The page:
Nebraska Man Found Too Drunk in Court To Be Sentenced for a DUI

Jason Botos, 30, had a novel defense to avoid being sentenced for drunk driving in Nebraska: he was too drunk. Botos showed up at the Papillion courthouse so drunk that his father needed help from deputies to get him from the car to the courtroom.

After the prosecutor told the court that Botos was too drunk to appear, the judge issued a warrant for his arrest and deputies arrested him in the parking lot.

Botos pleaded guilty to misdemeanor drunken driving in a September 2009 collision with five other vehicles.

In the earlier accident, three of the drivers suffered critical injuries and two drivers suffered serious injuries. It is remarkable that Botos only received a misdemeanor since he already had a drunken driving conviction and previous citations of driving with a suspended license and reckless driving.

He now faces additional charges.

For the full story, click here.

8 thoughts on “Nebraska Man Found Too Drunk in Court To Be Sentenced for a DUI”

  1. Canadian Eh-
    The difference between DUI’s and stealing cheese is that people with the gold don’t steal cheese (they engage in more sophisticated theft) but occasionally drive drunk.

    I forget the source but remember the quote about “the law, in its majestic equality, that criminalizes begging, stealing bread and sleeping under bridges.

    The lesson of our era is that “he who has the gold makes the rules” is outdated. As telecom immunity demonstrates, this adage has been updated to “he who has the gold makes the rules, and then changes them when he gets caught.”

    On days when I’m feeling rebellious and the court is upset about my client’s multiple DUI’s, I remind them that Cheney had 2 and Bush 1. It works on Democratic appointees but can come back to haunt my client when I’m before GOP appointees as the judge uses the opportunity to remind me that he holds the gold, and the power.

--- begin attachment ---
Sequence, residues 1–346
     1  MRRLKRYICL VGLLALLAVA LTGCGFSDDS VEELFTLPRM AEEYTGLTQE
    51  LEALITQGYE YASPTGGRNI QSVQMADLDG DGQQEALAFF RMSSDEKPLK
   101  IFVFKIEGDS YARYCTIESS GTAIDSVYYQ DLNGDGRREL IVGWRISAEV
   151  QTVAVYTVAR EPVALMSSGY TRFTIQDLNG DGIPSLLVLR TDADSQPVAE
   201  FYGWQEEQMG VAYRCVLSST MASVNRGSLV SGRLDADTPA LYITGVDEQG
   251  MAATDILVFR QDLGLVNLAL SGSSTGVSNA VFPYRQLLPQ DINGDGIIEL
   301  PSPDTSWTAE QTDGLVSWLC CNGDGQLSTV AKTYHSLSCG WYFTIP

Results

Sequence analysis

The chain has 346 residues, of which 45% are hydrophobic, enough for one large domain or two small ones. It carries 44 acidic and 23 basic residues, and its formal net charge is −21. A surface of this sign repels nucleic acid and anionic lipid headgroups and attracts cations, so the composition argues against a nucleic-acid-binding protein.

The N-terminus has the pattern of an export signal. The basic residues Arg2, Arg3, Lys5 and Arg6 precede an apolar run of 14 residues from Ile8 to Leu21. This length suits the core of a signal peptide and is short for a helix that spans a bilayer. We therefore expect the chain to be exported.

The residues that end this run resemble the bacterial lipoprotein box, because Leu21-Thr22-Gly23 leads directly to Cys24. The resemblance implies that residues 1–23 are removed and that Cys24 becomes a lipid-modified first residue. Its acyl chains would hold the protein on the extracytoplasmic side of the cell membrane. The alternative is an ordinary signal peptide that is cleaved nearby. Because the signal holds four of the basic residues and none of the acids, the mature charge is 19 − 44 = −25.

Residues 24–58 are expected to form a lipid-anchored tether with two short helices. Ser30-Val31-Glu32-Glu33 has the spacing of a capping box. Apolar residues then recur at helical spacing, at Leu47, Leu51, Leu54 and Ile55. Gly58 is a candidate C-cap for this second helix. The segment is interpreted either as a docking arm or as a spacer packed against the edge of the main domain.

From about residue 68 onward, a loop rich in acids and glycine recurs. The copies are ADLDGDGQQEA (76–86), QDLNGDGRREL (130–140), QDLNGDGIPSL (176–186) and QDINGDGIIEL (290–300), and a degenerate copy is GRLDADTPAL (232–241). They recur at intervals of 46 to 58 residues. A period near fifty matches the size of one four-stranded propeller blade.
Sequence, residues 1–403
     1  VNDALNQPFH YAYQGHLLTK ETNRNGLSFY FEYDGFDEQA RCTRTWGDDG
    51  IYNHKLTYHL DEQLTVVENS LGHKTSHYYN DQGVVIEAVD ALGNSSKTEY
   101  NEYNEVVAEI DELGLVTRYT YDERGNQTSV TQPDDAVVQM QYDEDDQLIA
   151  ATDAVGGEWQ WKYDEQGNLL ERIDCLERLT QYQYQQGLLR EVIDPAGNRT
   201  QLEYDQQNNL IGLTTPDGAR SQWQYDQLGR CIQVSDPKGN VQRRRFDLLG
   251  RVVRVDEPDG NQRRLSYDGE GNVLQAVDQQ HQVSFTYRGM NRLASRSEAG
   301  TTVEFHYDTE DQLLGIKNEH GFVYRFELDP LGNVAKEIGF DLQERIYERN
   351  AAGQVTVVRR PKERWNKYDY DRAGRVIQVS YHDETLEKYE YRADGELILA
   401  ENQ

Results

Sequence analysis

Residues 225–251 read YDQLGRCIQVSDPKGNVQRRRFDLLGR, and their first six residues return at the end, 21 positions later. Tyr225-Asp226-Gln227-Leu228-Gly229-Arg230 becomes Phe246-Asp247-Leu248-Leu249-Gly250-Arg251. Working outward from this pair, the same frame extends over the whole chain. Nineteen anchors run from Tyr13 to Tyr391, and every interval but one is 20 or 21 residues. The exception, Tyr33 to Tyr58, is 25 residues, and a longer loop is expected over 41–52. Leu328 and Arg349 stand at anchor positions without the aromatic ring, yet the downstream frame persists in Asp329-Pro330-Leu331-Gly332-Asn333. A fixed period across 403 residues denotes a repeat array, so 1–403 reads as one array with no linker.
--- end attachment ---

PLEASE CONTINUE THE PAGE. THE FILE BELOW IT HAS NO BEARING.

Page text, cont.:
2. I do a lot of DUI work in Nebraska and know the judges in county court well. Fortunately, there is a large AA presence there and, as a result, even the judges have a strong belief in it from what I’ve seen, meaning that they’ve gotten beyond the “string ’em up, it’ll teach ’em a lesson mentality” so prevalent today.

    As a DUI lawyer, much of my work is being a drug counselor and I’ve dealt with drunk clients many times. As one client once told me: “telling me to quit drinking would be like telling you to quit breathing: I get through the day by doing it and can’t imagine living without it.”

    I even have a friend who showed up drunk for his DUI sentencing in this County. Miraculously he received probation, the product of a judge who risked being labelled as soft but who understood that the potential jail time was more valuable as a “carrot” than a “stick” and that anyone who showed up drunk for court was likely an addict rather than an Assh&*#@.

    While MADD will want this guy jailed, it sounds like what he truly needs is the “one alcoholic to another” approach of AA, and a judge who will push him to get to the root of his problem, which might come from a jail cell if the patient isn’t ready to accept the treatment of AA at this point.

  3. Interesting concept.If I never stop drinking, not only will I not have a hangover, I won’t be sentenced! Does this theory only work in Nebraska?

  4. Yep Canadian, ‘just this’ has become quite arbitrary… but good to see not only the high society (no pun intended) gets away with crime… simple rednecks apparently still can too 🙂

  5. So let me get this straight. For the crime of multiple DUI’s and showing up drunk at court one receives a misdemeanor, however for the crime of stealing $3.99 worth of shredded cheese one gets 18 years in prison. Does anyone else see something wrong with this picture?

  6. He whose attorney knows the Judge has the best attorney. Or has something on the Prosecutor.

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